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Age of Apocalypse Revisited: AoA: The Chosen

aoa_revisited_logo

ageofapocalypsethechosen001Cover: Ian Churchill, Scott Hanna
Cover Graphics: Ashley Underwood
Colorist: Ashley Underwood
Designer: Ronnie Lawler
Computer Imaging: Steve Alexandrov
Editors: Jaye Gardner, Kelly Corvese, Bob Harras
Published by: Marvel Comics
Cover Date: April 1995
Cover Price: $2.50

I had it in my head to include a review of this since I’m trying to cover everything else with the original Age of Apocalypse…but there’s really not much TO review. We have a 3-page framing sequence to shoehorn this issue into the AoA story, suggesting that we’re reading profiles through the eyes of one of the Madri and not just a random Marvel Comics publication offering some basic details on several key characters and titles involved with the AoA stuff.

The art and premise are passable and I appreciate what’s being attempted, though the execution falls pretty flat for me.

The profiles themselves provide a somewhat diverse mix of art and text–supposedly computer files Apocalypse has on major players in things and whether he deems them worthy or unworthy of survival ("Chosen" or "Forgotten").

Looking at this "in-continuity" as seems to be the intent, I have a lot of issues here, from how short and UNdetailed the entries are, to several spelling and punctuation gaffes I noticed (one that made me cringe before moving on), to the very notion of Apocalypse keeping such files and deeming anyone "Chosen" or "Forgotten" as if labeling toys on a shelf or some such.

This issue is really a primer, to give some basic information on a number of the main characters involved in the Age of Apocalypse, whether singularly or by title they appear in. I definitely have a problem with Mystique and Nightcrawler being labeled X-Calibre by Apocalypse…this is one of THE key elements that strikes me as entirely implausible given context of this book as well as those characters, that Mystique’s "X-calibre" bullets are the reference for the title and not a team name).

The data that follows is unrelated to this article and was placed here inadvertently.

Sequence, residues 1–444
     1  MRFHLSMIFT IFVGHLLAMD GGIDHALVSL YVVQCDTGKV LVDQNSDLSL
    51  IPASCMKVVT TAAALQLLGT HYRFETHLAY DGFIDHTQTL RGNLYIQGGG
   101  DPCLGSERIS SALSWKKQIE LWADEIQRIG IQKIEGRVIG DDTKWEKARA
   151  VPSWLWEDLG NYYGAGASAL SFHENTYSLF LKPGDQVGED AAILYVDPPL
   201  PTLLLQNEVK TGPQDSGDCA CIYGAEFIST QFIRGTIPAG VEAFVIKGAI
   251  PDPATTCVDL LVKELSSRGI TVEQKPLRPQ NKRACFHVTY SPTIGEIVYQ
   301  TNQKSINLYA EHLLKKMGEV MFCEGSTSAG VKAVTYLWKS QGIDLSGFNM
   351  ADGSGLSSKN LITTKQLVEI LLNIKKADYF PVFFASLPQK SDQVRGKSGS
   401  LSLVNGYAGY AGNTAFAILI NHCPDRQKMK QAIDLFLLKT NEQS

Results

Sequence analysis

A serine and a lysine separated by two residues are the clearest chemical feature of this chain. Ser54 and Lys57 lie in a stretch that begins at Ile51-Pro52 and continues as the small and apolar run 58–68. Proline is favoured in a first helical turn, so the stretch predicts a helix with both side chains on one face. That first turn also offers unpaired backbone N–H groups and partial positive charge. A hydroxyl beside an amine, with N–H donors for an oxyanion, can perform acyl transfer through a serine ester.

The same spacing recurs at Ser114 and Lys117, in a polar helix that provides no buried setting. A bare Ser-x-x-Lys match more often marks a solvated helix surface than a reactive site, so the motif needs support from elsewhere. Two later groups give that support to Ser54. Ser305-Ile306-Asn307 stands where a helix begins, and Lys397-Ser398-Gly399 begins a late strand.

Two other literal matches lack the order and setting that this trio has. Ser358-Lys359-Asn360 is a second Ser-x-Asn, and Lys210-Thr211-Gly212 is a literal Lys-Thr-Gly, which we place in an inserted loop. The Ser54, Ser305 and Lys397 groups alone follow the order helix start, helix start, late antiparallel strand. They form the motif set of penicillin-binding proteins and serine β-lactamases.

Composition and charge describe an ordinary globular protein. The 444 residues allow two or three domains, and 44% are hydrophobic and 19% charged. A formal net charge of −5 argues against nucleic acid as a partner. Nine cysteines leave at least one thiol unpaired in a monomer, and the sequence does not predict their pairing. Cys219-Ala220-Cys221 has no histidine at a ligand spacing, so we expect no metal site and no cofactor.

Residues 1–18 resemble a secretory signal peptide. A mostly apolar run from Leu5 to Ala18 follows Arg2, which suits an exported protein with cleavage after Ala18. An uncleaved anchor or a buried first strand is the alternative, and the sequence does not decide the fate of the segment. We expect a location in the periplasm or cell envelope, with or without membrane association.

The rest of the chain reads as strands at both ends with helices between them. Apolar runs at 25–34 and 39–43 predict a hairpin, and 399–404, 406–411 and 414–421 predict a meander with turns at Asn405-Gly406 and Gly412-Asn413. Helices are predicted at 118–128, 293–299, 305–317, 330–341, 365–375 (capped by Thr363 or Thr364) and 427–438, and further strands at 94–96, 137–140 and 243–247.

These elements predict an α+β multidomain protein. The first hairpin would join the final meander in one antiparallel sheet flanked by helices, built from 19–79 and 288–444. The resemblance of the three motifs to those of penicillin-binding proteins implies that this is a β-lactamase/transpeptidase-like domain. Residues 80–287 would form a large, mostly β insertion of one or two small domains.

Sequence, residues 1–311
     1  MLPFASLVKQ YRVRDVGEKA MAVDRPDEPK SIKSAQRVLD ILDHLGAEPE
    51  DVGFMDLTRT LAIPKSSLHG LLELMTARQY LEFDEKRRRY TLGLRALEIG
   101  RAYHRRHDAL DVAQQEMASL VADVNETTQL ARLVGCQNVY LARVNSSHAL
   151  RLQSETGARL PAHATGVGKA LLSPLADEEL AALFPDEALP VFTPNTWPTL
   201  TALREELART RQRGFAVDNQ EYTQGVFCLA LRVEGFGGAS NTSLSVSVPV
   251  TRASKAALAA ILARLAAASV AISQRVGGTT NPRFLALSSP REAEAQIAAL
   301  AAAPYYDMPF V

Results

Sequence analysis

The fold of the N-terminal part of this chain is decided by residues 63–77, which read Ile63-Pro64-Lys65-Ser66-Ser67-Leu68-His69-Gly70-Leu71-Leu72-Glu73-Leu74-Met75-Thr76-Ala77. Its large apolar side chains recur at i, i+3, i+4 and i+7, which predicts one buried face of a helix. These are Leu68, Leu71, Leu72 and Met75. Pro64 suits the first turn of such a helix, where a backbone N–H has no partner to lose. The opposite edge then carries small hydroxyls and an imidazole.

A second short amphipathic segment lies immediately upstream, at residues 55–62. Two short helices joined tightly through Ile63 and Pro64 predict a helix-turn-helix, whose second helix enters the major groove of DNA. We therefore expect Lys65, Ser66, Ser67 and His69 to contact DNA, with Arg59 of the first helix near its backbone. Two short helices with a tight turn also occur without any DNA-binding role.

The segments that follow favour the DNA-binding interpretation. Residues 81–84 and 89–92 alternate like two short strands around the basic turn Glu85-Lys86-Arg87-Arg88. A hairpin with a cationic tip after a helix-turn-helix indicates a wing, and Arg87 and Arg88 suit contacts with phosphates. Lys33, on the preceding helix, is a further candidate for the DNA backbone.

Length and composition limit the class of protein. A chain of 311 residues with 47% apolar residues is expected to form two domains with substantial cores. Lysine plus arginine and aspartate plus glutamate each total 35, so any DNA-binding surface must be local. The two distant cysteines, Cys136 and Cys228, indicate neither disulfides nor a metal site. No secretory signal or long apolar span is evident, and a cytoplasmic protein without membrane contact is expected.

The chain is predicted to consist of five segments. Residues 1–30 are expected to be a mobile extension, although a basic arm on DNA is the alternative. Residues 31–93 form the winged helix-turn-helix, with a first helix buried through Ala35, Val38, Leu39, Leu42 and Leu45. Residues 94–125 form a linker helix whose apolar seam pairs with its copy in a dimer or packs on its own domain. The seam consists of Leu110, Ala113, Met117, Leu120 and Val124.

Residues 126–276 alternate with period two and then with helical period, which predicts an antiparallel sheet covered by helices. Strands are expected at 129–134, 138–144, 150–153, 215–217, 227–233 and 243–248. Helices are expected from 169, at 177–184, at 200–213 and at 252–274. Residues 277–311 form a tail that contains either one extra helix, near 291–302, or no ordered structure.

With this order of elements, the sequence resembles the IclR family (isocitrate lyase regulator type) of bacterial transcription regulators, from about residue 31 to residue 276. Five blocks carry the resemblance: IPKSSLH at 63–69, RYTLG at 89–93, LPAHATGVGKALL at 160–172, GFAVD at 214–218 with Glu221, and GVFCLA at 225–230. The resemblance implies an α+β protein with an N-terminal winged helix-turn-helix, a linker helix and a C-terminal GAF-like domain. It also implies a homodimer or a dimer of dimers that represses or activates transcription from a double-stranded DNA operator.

I believe this was supposed to be the Age of Apocalypse equivalent to the X-Cutioner’s Song issue Stryfe’s Strike File. In that regard, sure, it "works" and I can’t fault its existence entirely. The $2.50 cover price prices it as a premium issue, functionally an extra 50 cents over the price of the rest of the regular issues in the AoA…yet it seems like it was–as a unit–something much cheaper to have made, being primarily text over singular images rather than most of the "usual" that goes into the production of a comic…especially with only 3 "story pages."

Perhaps I should have covered this sooner…covering it now, in a gap between the #3s and #4s of the AoA arc, I’m already familiar with the characters and status quos so this seems all the more superfluous.

At the time, I suppose this issue would’ve been fascinating, coming out with the #2s and so possibly fleshing things out a bit more than had been done to that point in the overall arc. It’s more like a full-issue "bonus feature" to the arc, and neither truly adds nor detracts from the main arc. It exists if you’ve interest, but is not at all essential nor revelatory.

See below for the characters who got profiles, and the artists who did the visuals.

PAGES 1,2,31: Ian Churchill, Scott Hanna
MAGNETO/ROGUE: Salvador Larroca, Sergio Melia
X-MAN: Steve Skroce, Bob Wiacek
CYCLOPS: Slvador Larroca, Sergio Melia
HAVOK: Ian Churchill, Karl Kesel
MR. SINISTER: Ian Churchill, Karl Kesel
STORM: Salvador Larroca, Sergio Melia
QUICKSILVER: Ian Churchill, Terry Austin
NORTHSTAR/AURORA: Ian Churchill, James Pascoe
THE BEAST: Ian Churchill, Terry Austin
THE FOUR HORSEMEN: Val Semeiks, Bob Wiacek
X-CALIBRE: Tom Lyle, Dan Panosian
THE HUMAN HIGH COUNCIL: Salvador Larroca, Sergio Melia
WEAPON X: Ian Churchill, James Pascoe
X-TERNALS: Ian Churchill, Scott Hanna
COLOSSUS: Salvador Larroca, Sergio Melia
ANGEL: Salvador Larroca, Sergio Melia
SABRETOOTH/WILDCHILD: Tim Sale
BISHOP: Tim Sale
CHARLES XAVIER: Tom Lyle, Dan Panosian

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Fatal Attractions Revisited: X-Factor #92

xfactor092The Man Who Wasn’t There

Co-Plotter: Scott Lobdell
Penciler/Co-Plotter: Joe Quesada
Script: J.M. DeMatteis
Inker: Al Milgrom
Letterer: Starkings
Background Assist: Cliff Van Meter
Colorist: Oliver
Assistant Editor: Jaye Gardner
Editor: Kelly Corvese
Group Editor: Bob Harras
Published by: Marvel Comics
Cover Dated: July, 1993